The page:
New York

Letters to the Editor for Saturday, June 6

Your Voice

Categories: Letters to the Editor, Opinion

It will take time to rebuild the country

I feel sorry for our younger generation who are witnessing the political hatred, the coronavirus and the riots at the protests. They have seen more negativity than a person twice their age. It is so sad to see these issues which are tearing America apart, when it took our fellow Americans so long to build it up.
It is going to take time for our country to overcome the obstacles so we can once again live our lives without the fear we as Americans have had to struggle through.
Walter “Neal” Brazell

Santabarbara good to Amsterdam

I’ve only been mayor of our city for four months, but through the COVID-19 crisis, Assemblyman Angelo Santabarbara has proven to me that the city of Amsterdam has no better friend or more effective advocate at any level of government.
What I admire most about this guy is that he doesn’t wait for me to call him. He regularly reaches out to me, asking what he can do to help, suggesting options and opportunities our city should investigate and pursue.
Angelo is a tireless, passionate and highly intelligent human being. He makes it a point to focus on the best interests of his constituents and not partisan politics, regardless of the issue.
He provides Amsterdam with a highly respected, objective and independent voice in the State Assembly and I’m thankful to have him representing us.
Michael Cinquanti
The writer is mayor of the city of Amsterdam.

We’re all the same children of God

Black lives matter. We all bleed the same color – we are all created in God’s image.
Concetta Cannizzaro

Vote independent line in Schenectady

I received the election ballot for the school board and mailers from candidates.
In reviewing the information, I found that the Schenectady Federation of Teachers (SFT) endorsed three candidates, and in reviewing their backgrounds and platforms, I found that one of these candidates is employed by NYSUT. Although I am a strong supporter of unions in general and belong to a union myself, I feel there is an inherent conflict of interest in electing a union member to the school board. I assume SFT does an excellent job of representing their members, but the majority of their members do not live in our city.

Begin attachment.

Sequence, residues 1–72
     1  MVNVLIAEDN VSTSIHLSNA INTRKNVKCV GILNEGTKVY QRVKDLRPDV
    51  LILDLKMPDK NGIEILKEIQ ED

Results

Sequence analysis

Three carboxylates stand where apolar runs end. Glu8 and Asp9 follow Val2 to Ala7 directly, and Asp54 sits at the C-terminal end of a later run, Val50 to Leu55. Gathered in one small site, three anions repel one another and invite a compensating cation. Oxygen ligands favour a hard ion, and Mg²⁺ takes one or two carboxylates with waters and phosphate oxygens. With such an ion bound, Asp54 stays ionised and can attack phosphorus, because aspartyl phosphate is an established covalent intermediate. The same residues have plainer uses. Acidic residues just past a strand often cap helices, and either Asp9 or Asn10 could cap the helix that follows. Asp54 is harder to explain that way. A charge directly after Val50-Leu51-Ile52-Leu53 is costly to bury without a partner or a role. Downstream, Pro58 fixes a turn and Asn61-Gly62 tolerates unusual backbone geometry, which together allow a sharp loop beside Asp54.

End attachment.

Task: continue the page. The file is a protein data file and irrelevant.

As a long-time city resident and taxpayer, I urge voters to support the three independent candidates running: candidates: Etienne, Rose, and Stephens. They live in our community, care for our schools and represent the residents of the great City of Schenectady.
Zakhar Berkovich


Hope next president will be my president

My president is decisive, not derisive. My president is compassionate, not obstinate. My president listens to science, not sycophants.
My president is a smart man, not a con man. My president reads books, not banners. My president works for the country, not for a better golf score. My president worries about the farm market, not the stock market. My president knows his limits, not his net worth.
Maybe the next president will be my president.
Jeff Klein

Candidate slate will help ensure balance

I respectfully submit this letter in support of three candidates running for Schenectady school board this June: Hitlall, Leary and Rivera.
We need their voices to ensure a balanced conversation where the interests of all the cities’ diverse constituents are represented. We need members unafraid of tackling tough topics who remain committed to fairness, openness and transparency.
The resignation of our district superintendent and the search for his replacement is a good example of an issue requiring active community input and collaboration across stakeholder groups. I am confident that Hitlall, Leary and Rivera will advocate for a leader who has what it takes to effectively engage and communicate with all employees, parents and students across the district.
We need a district leader who is agile and innovative; strong, and fair. A board must remain committed to improving the school climate and advocating for resources, services and supports that benefit all students. Running Schenectady schools is a complex job, requiring a talented team of experienced individuals. The newly configured board will be a very strong one and will continue to work diligently towards meeting Schenectady’s goals by advocating for the best policies to strengthen its academic, social and emotional learning community.